Fed Says More Banks Tighten Home Loan Standards
The Fed's new quarterly survey found that about 50 percent of U.S. banks tightened their lending standards on prime mortgages, up from about 45 percent in the survey issued in early February.
Meanwhile, 65 percent of banks said they tightened standards on nontraditional mortgages, such as adjustable-rate loans with multiple payment options. That was up from 50 percent in the last survey.
"Even if you had a stellar credit history, banks were reluctant to lend in this environment," said Richard Yamarone, economist at Argus Research. With unemployment rising, it raises the odds of more people defaulting on their mortgages, he said.
Demand for nearly all types of consumer and business loans continued to weaken over the last three months, with one exception. Demand for prime mortgages registered its first increase since the Fed began to track those loans separately in April 2007.
That uptick in demand comes as mortgage rates dropped, helped by a concerted effort by the Fed to drive down rates to help revive the crippled housing industry.
Rates on 30-year mortgages slid to 4.78 percent last week, trying a record low, according to figures compiled by mortgage giant Freddie Mac.
In other lending, nearly 60 percent of banks said they tightened standards on credit card loans over the last three months, the same proportion as in the previous Fed survey.
There were some spots of improvement in the latest Fed survey. About 40 percent of banks said they tightened standards on commercial and industrial loans over the last three months. That was down from around 65 percent in the last survey.
Looking ahead, however, "the vast majority" of banks said they expected deterioration in credit quality for all types of household and business loans.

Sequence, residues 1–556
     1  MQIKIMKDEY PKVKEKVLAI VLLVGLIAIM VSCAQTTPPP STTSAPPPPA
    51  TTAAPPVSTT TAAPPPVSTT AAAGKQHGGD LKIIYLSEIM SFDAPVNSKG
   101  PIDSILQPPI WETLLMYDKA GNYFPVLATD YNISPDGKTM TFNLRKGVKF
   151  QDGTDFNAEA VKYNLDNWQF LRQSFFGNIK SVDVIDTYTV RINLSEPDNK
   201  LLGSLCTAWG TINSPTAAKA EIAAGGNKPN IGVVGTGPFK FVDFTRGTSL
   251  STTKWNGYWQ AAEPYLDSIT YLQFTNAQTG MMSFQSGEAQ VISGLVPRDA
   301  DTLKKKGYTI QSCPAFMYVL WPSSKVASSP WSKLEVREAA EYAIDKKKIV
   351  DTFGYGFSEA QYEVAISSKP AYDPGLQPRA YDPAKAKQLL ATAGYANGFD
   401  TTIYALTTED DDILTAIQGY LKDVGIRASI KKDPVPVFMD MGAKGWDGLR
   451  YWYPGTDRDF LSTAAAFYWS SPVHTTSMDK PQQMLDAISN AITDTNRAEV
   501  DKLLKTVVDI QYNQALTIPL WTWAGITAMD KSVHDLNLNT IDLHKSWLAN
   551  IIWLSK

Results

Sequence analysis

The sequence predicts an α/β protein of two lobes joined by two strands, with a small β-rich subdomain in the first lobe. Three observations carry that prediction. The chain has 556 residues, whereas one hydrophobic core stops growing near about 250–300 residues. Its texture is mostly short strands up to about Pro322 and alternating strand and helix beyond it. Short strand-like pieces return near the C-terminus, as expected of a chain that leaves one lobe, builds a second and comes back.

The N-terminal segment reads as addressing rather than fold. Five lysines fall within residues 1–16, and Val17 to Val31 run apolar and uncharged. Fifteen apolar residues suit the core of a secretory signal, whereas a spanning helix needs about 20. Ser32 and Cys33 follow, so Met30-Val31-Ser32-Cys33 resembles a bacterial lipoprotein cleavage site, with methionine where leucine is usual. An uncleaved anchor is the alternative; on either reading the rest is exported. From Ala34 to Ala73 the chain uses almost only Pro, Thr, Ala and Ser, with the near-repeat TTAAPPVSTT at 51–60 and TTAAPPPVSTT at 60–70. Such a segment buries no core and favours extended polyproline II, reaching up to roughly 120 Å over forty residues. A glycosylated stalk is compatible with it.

More than 70 percent said the quality of their banks loan portfolio was likely to deteriorate this year with nontraditional mortgages and credit cards figuring prominently in that scenario. That response was to a special question contained in Monday's survey not asked in the previous one.
Regulators are scheduled to release the results of "stress tests" on the nation's 19 largest banks on Thursday, shedding light on which ones may need government support to withstand a more severe recession.
The Fed survey was based on the responses of 53 domestic banks and 23 U.S. offices of foreign banks.
Getting banks to boost lending is critical to lifting the country out of recession.
The Fed has slashed a key bank lending rate to a record low near zero and is expected to hold it there well into next year to entice businesses and consumers to spend more.
The Obama administration is counting on tax cuts and increased government spending to revive the economy. And it has put forward plans to rescue banks and curb home foreclosures, also key ingredients to turning the economy around.
Lax lending standards during the housing boom allowed some people to buy homes that they couldn't afford. When the boom ended, dragging home values down, foreclosures skyrocketed and banks wracked up huge losses on soured mortgage investments.